Sports Direct suffers historic shareholder revolt, but will anything really change?

Independent shareholders voted against the chairman's re-election and backed a union motion calling for an independent probe into working practices. Boss Mike Ashley still doesn't seem inclined to change tack

James Moore
Wednesday 07 September 2016 17:43
Mike Ashley doesn't seem inclined to change tack at Sports Direct
Mike Ashley doesn't seem inclined to change tack at Sports Direct

Finally, the City has attempted to exact a price from a company that has thumbed its nose at investors while pouring their money down the toilet.

In what is an historic event, a majority of independent shareholders in Sports Direct voted against the re-election of chairman Keith Hellawell, who has served as a lightning rod for the torrent of criticism received by the company over everything from the treatment of workers to top level appointments. “Independent” in this case meaning anyone not named Mike Ashley.

Perhaps even more important is the fact that 53 per cent of the independents also voted in favour of a resolution tabled by trade union shareowners. It called for an independent investigation into how Sports Direct treats its workers.

Given that Sports Direct on Tuesday published a report from the company’s lawyers into that very issue, I’d say that represents an equally big slap in the face to Mr Ashley, the company's founder, executive deputy chairman and majoirty shareholder. As I wrote at the time, there were flaws in that report. Sports Direct’s independent shareholders appear to agree, even though Mr Ashley was able to use his 55 per cent stake to torpedo the union call.

But I wouldn’t be celebrating too hard, and not just as a result of that last fact.

Consider, if you will, the case against Mr Ashley and Sports Direct. The retailer has been in the dumpster for paying some workers less than the minimum wage, and operating conditions likened to a “Victorian Warehouse” at its Shirebrook warehouse by MPs.

The boyfriend of the founder’s daughter was handed oversight of the retailer's huge property portfolio on a consultancy contract that could pay him millions, his brother’s company helps with overseas deliveries.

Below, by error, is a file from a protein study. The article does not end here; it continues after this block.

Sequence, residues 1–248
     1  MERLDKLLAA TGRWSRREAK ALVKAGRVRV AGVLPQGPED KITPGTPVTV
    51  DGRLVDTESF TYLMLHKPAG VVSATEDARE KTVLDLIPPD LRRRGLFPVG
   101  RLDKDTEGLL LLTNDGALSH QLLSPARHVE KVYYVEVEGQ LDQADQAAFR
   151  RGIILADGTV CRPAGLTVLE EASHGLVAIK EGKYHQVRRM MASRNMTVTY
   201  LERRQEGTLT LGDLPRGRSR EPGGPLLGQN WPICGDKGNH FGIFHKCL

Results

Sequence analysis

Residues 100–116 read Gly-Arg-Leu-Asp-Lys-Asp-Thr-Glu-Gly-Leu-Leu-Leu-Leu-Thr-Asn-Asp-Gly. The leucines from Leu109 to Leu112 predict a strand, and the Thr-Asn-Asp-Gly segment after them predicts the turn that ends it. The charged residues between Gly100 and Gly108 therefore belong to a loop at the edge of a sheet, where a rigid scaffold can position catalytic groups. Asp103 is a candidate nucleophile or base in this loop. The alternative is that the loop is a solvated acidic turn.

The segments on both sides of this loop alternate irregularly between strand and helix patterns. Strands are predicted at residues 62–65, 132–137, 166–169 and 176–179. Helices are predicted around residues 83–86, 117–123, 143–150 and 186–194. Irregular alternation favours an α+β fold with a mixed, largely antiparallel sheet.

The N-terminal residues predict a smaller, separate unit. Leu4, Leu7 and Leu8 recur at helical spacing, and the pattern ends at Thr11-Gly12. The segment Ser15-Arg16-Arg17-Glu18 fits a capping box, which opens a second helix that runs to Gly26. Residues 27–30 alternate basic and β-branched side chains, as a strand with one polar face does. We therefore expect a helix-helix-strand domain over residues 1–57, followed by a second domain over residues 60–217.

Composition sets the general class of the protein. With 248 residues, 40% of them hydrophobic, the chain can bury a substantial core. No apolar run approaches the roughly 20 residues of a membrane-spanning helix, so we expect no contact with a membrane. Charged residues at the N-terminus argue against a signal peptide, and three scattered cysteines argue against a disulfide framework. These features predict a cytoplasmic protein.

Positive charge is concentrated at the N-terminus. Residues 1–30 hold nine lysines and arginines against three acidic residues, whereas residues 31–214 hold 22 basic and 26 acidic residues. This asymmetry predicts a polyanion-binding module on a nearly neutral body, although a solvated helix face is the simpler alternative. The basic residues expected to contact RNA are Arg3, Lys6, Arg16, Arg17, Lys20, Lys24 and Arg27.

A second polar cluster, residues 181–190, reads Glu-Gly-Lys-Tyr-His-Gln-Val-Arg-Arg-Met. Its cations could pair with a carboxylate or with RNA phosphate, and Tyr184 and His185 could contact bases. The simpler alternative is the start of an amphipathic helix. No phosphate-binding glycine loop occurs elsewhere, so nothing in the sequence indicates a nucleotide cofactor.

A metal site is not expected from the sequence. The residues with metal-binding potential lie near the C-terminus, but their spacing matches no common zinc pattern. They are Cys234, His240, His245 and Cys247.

The shares have lost more than half their value, profits are on the slide, and the board has faced repeated and valid criticism. Just that list would give any corporate governance expert a headache, but there's more besides.

Despite all this, Mr Hellawell, who offered to resign only to be rebuffed by the board, still received the backing of 47 per cent of independent shareholders.

You do rather wonder if those in charge of casting those votes had enjoyed too many glasses of claret at old school City lunches before doing so. What would a company have to do to get them to vote a director out?

Moreover, Mr Hellawell was the only director to be so treated. Simon Bentley, Dave Singleton and Claire Jenkins were each opposed by more than a third of independent shareholders. That is sizeable dissent, given that the directors of public companies usually receive the sort of backing that Kim Jong Un likes to claim from the North Korean people. But again, consider the state of the company. Mr Hellawell shouldn't have been alone.

Even he only got dumped upon thanks to the hard work of people like Sacha Sadan, the director of corporate governance at Legal & General, and his counterparts at Royal London, Standard Life, Hermes et al.

Pension funds and others who control big blocks of money might like to take note. You may be able to find cheaper money managers out there, but isn’t it worth paying a bit more to put your money with people who will actually work to improve the companies it is being invested in?

As for Mr Hellawell, he’s technically in purdah now, as a result of the increased power over director elections handed to independent shareholders by the Financial Conduct Authority. These were designed to prevent the likes of Mr Ashley riding roughshod over their fellow shareholders.

Unfortunately, he’ll still be able to use his majority vote to get Mr Hellawell back in at a future general meeting promised in three months time.

The guided tour around the Shirebrook premises? The lawyers' worker treatment report? The pledge to put a (no doubt carefully selected) workers’ representative on the board? It’s all just fluff. Mr Ashley has no real intention of changing. If he did, Mr Hellawell would be gone. And that would be just the start of it.

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